It is the continuity of the same false excuses, always blaming US Imperialism for our legitimate desire to build a prosperous and democratic Cuba, which is pluralistic, just as is in nature.

It is also the continuity of the same package of hyper-planned, state centered economic measures, which limit private business. This became crystal clear when the State opened a business in foreign currency to crush private business owners, instead of just regulating their businesses fairly.  Likewise the endless putting off the passing of a long-awaited bill that would allow cooperatives and SMEs to function freely.

This small step towards economic freedom, this hope for efficiency, is being put off, trampling mercilessly all over our people’s right to better their lives, live a dignified life, leave poverty behind.  All because they are afraid that we Cubans will become empowered and no longer need to rely on the State, losing our collective fear of being a sovereign people, the masters of our own fate.

This is what continuity means in reality. Even if they wanted to be the continuity of the socialism they say they uphold, which could be interpreted as a legitimate ideal to push for a better, fairer and more equal Cuba, it wouldn’t be a contradiction, but they would need more than continuity, they also need to make substantial changes.

Firstly, they’d have to leave the authoritarian model behind and move towards democratic socialism, because there is no social justice without democracy. Also working towards social inclusion by eliminating discrimination because of a person’s ideology or place of residence, because we are all Cubans, no matter where we are and no matter what we believe. Respect for human rights is another change among the many more we need.

However, this doesn’t seem to be our new president’s intention. His continuity is conservative until he shows us the opposite. There was a lot of bla bla bla on Mesa Redonda and not a lot of substance. With regard to the positive changes they promised, we’ll believe them when we see them with our own two eyes. Up until now, all we’ve seen is a spike in repression, greater economic shortages and a higher cost of living, more immigration and less hope. If only things were different.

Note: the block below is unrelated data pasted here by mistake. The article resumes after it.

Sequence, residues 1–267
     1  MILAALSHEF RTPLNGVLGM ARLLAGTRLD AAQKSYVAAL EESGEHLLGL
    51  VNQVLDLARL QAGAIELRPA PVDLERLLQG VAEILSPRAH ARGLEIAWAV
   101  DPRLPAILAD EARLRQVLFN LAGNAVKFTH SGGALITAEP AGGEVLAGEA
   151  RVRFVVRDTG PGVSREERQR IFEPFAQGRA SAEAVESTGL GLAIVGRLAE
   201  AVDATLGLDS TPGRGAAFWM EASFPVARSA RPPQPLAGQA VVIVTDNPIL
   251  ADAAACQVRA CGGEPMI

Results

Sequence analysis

Osmel Ramirez

I'm from Mayari, a little village in Holguín. I was born on the same day that the Vietnam War ended on April 30, 1975. A good omen, since I identify myself as a pacifist. I am a biologist but I am passionate about politics, history and political philosophy. Writing about these topics, I got to journalism, precisely here on Havana Times. I consider myself a democratic socialist and my main motivation is to try to be useful to the positive change that Cuba needs.



2 thoughts on “Cuba: Continuity vs. Change

  • Three Marxist puppets with one difference from the three brass monkeys – for what these three puppets practice is to see, hear and speak evil.
    Randy Alonso Falcon the hand-wringing so-called executive director of Mesa Redondo and affiliate of the Cuban Propaganda Department’s “Cuba Debate” exemplifies grovelling, with scripted supposed discussions in which there are no differences, only obsequious servility to the participants political masters – the three Marxist puppets!
    What a charade!

    Reply
  • The Government wants even more of the same, why change it?. The people of Cuba deserve so much more, after decades of what I can only call enslavement, how can the free world just continue to stand by and let the Cuban people suffer shortages year in year out. I have holidayed in Cuba several times and enjoyed each holiday.

    Reply